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Page revised in December 2009.
Palazzo Rospigliosi (Book 4) (Map B3) (Day 3) (View B7) (Rione Monti)
In this page:
The plate by Giuseppe Vasi
The secret garden
The Plate (No. 62)
Palazzo Rospigliosi was initially built by Cardinal Scipione Borghese, nephew of Pope Paul V, as a summer residence near that of his uncle at Palazzo
del Quirinale. The palace stands above the ruins of Terme di Costantino, the baths built by Emperor Constantine in 315 AD.
The view is very much as it was in the XVIIIth century, the only evident change being the garden which has replaced the cavallerizza, the horse training ground which you can see in the image used as background for this page.
The palace is now known as Palazzo Pallavicini Rospigliosi and it belongs to the Pallavicini who still reside in a part of it, while the rest of the building is occupied by tenants. The loggia is perhaps that which enjoys the most comprehensive view of Rome (for a page on Roman loggias click here).
The heraldic symbols which can be detected by walking around the outside of the palace offer a clue to its history. Cardinal Scipione Borghese started its construction soon after the election of his uncle (1605) and the architects involved in the design of the building and of the gardens were Flaminio Ponzio and Giovanni Vasanzio, the same architects who worked for the cardinal at Villa Borghese and at the restoration of Basilica di S. Sebastiano. Flaminio Ponzio was also involved in the design of Palazzo Borghese.
In 1616 Cardinal Borghese came to the conclusion that maybe he did not need this villa and sold it to Giovanni Angelo Altemps (in 1613 Altemps had sold Villa Mondragone near Frascati to the cardinal). Giovanni Angelo Altemps was the son of Roberto Altemps and he kept the property for just three years before selling it; after other changes of ownership in 1641 the palace was bought by Cardinal Giulio Mazzarino (Jules Mazarin) who left it to his heirs.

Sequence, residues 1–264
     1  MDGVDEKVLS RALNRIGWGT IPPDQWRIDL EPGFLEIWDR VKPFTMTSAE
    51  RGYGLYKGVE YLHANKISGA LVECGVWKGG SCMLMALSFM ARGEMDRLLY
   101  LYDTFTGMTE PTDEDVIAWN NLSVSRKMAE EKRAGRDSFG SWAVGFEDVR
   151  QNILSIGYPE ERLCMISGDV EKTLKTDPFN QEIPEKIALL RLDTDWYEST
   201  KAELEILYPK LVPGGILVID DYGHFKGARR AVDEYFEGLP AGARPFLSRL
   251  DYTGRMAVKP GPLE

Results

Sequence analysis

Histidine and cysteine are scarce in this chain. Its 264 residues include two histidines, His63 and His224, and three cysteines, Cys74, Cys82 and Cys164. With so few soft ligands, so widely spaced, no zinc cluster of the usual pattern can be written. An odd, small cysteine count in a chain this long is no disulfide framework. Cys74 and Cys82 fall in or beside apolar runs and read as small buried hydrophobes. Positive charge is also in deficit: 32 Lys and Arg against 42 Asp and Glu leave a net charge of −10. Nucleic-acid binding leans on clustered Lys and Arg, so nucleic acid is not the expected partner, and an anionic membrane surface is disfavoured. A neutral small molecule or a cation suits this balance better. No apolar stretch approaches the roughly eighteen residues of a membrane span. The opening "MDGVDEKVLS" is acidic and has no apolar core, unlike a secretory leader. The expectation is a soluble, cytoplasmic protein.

Eventually in 1704 the property which had lost its initial villa aspect to become more similar to an urban palace was acquired by Giovanni Battista Rospigliosi (nephew of Pope Clement IX) and his wife Maria Camilla Pallavicini; due to a complex testamentary trust the two sons of the couple started two separate branches of Rospigliosi and Pallavicini and they divided between them a large collection of paintings; the Rospigliosi experienced financial difficulties in the 1920s and sold their share of the property and collection. The Pallavicini still retain their gallery of paintings in the apartments where they live.
The only work of art of Palazzo Rospigliosi which is accessible to the public (on the first day of the month only) is a painting (you can see it in an external link) by Guido Reni which gives the name to Casino dell'Aurora, a small building of the time of Cardinal Borghese. The painting was very highly praised and the subject was picked up again in 1621 by il Guercino in the decoration of the small casino of Villa Ludovisi, which is also called Casino dell'Aurora (you can see this other painting in an external link).
The main entrance to Palazzo Pallavicini Rospigliosi was penalized by the construction of Palazzo della Consulta in 1732-37; for this reason a small door on the wall along the street leading to Palazzo del Quirinale was turned into the main access to the palace; the old gate can still be seen behind Palazzo della Consulta.
With wealthy enough looks and as bold as brass a visitor can tell the security guards that he has urgent business matters to discuss with one of the lawyers or institutions who have their offices in Palazzo Rospigliosi and then head towards the secret garden mentioned in the plate.
The garden belongs to the time of Cardinal Borghese and it was designed by Giovanni Vasanzio; the statues of the rivers are by Francesco Landini; they are a reminder of two gigantic statues of rivers which embellished the baths of Constantine and which were relocated in Piazza del Campidoglio.
Excerpts from Giuseppe Vasi 1761 Itinerary related to this page:
Next plate in Book 4: Palazzo Colonna
Next step in Day 3 itinerary: S. Silvestro a Monte Cavallo
Next step in your tour of Rione Monti: Palazzo della Consulta